Everyone knows that January is national clearance month for movies. So why not give us a break on tickets to make second-rate holiday leftovers seem a little more desirable? The Gift, for instance, would be more of a draw at half-price--perhaps even regarded as a "must-see" in the same way that deeply discounted electric ties can become "must-haves."
Time was when Sam Raimi movies were eagerly anticipated. But the director of such gleeful originals as Darkman and Army of Darkness stooped to conquer with a maddeningly bland Kevin Costner baseball vehicle (For Love of the Game)--a descent that roughly parallels Gus Van Sant's slide from My Own Private Idaho to Finding Forrester. What gives? Neither guy seems like a sellout; it's more like their strange quests for respectability have mutated into mediocrity.
The Gift is Raimi's unimpeachable followup to his frozen suspense thriller, A Simple Plan, with an extra-added element of the supernatural. Annie (Cate Blanchett), a fresh-faced, newly widowed mother of three young boys, does card readings for townspeople on her back porch to supplement a meager social-security income. The film muddles psychic ability, tarot cards, and plain old visions, but no matter: For some clients--the mentally unstable Buddy (Giovanni Ribisi), or Valerie (Hilary Swank), regularly beaten by her husband--Annie is more a therapist than anything else. Still, even as she encourages them to confront their problems, she thwarts her oldest son's attempts to grieve for his dad.
Things quickly take a turn for the worse when Valerie's redneck husband Donny (Keanu Reeves) gets wind of her visits to Annie. Then the nubile town slut/rich girl Jessica (Katie Holmes, offering her fans a canny breast-baring), who's engaged to the squeaky-clean school principal (Greg Kinnear), goes missing and is feared dead. All Raimi forgot to do was to put an owl in a tree cooing, "Who? Who?" There's no shortage of suspects, including all the aforementioned characters, and Jessica's father calls upon Annie to provide insights into the disappearance. As clues come to her piecemeal, in dreams and waking visions, danger closes in like the fog in the creepy swamp outside of town.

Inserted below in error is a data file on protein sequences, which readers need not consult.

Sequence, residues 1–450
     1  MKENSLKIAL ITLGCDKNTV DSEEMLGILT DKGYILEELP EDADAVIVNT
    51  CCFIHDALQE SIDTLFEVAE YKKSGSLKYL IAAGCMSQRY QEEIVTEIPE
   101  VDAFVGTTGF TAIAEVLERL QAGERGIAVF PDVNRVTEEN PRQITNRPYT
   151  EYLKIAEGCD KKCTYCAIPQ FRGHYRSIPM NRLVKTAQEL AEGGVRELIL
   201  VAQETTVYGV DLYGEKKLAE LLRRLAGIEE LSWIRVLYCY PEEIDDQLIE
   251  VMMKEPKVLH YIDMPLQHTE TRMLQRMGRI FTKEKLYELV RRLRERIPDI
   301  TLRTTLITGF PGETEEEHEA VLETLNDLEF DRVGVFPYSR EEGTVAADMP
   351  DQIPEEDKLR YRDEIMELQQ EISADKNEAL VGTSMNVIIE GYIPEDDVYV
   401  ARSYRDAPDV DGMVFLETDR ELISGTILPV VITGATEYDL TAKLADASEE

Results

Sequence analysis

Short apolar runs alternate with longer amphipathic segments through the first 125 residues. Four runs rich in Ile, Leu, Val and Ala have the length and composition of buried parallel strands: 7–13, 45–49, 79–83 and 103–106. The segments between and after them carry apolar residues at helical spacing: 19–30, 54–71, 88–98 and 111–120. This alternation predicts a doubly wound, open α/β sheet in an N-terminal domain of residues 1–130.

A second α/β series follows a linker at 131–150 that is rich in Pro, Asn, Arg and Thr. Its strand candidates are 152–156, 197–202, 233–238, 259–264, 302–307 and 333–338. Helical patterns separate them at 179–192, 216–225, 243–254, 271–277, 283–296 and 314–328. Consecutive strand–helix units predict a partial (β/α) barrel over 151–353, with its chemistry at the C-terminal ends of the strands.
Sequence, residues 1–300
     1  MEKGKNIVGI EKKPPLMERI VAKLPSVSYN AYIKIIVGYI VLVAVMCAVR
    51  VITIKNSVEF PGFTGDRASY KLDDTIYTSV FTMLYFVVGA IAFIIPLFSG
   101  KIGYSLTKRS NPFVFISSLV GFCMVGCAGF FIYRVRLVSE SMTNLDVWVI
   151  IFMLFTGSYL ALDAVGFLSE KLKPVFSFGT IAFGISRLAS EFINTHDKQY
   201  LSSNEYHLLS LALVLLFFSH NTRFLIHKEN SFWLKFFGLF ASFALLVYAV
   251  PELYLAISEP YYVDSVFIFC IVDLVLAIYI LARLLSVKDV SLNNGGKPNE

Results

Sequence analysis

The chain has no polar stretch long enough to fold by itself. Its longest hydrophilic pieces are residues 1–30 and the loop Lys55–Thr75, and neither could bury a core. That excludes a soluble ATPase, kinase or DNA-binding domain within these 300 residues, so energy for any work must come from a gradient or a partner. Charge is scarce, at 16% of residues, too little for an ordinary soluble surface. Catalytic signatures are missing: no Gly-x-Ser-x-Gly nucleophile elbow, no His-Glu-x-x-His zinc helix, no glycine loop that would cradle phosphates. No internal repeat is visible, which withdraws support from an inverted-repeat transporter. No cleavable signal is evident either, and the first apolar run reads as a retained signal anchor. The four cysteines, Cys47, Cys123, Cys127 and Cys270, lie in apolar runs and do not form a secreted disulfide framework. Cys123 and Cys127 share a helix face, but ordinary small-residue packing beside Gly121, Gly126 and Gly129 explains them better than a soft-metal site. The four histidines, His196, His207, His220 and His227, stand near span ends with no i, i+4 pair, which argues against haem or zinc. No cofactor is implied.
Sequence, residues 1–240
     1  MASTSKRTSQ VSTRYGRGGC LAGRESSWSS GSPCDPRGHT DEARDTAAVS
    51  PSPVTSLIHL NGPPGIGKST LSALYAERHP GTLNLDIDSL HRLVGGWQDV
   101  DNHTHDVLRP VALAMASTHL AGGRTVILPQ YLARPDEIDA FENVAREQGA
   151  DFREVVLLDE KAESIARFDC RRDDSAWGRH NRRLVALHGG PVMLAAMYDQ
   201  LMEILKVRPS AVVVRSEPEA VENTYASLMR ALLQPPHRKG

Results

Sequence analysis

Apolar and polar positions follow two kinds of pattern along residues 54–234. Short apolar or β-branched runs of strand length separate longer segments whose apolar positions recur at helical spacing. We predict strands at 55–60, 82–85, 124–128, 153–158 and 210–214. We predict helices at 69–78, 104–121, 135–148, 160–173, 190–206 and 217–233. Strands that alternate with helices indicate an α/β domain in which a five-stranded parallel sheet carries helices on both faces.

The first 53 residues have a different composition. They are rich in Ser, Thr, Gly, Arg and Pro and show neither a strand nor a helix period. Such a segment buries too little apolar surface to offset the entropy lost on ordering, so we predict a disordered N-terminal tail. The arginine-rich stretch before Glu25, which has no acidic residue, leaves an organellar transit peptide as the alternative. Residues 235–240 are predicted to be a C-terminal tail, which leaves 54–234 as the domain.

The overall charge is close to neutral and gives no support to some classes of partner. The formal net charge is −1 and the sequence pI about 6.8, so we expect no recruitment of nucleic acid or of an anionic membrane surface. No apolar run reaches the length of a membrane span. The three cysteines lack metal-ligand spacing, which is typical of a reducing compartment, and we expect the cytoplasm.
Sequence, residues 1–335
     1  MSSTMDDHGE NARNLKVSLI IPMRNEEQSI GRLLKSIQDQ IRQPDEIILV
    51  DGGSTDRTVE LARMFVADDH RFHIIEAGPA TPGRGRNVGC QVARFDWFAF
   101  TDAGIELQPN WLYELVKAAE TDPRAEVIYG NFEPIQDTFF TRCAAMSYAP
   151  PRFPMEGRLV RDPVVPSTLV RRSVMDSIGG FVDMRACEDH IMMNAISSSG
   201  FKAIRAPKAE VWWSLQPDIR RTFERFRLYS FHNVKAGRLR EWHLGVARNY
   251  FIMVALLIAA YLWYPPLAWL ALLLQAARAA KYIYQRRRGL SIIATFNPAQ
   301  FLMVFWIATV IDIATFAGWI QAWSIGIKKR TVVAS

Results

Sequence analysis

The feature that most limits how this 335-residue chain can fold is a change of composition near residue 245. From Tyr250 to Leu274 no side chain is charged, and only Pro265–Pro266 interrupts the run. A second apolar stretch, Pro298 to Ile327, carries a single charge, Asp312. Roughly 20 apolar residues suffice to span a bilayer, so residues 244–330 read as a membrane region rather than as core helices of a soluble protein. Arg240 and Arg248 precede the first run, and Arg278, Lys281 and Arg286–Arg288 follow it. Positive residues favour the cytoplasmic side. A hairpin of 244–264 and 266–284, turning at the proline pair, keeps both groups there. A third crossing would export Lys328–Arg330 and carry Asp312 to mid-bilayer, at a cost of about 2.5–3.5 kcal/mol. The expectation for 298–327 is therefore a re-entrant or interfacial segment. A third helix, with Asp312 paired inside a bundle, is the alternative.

The Gift's small-town Southern Gothic setting (courtesy of screenwriter Billy Bob Thornton, who starred in A Simple Plan) gives the movie instant atmosphere and the characters instant "character"--there's even a bunch of squirrel-huntin', donut-munchin' cops.
Blanchett puts on another impressive accent here, but, nervously wrapping her cardigans tightly around her, she lays the vulnerability on a little thick. Wouldn't someone endowed with "the gift" all her life be more forthright about it by now? I guess not: Like Dancer in the Dark, The Gift revels in putting a nothing-but-nice woman in peril as a direct result of her honest, if also somewhat naive, ways. Both Annie and Björk's Selma pass on the opportunity to set things straight; instead, they get blamed for others' transgressions and vilified in a courtroom--and Annie gets threatened and beat up to boot.
Well, at least Dancer had those wacky musical interludes. With The Gift, the underachieving Raimi even forgoes the relentless tension he built into A Simple Plan, unfolding the plot with no more pizzazz than a thriller on Lifetime. Sure, the film is replete with eerie sound effects, lurking shadowy figures, and a couple of restless ghosts; artsy dream sequences and special effects supposedly give you your money's worth on the big screen.
But they don't add up to anything larger, despite the briefest of nods to David Lynch. Raimi neatly avoids any swoon into the surreal, remaining safely within the bounds of acceptability---and predictability. Here's hoping he regresses to his old ways with the upcoming Spider-Man.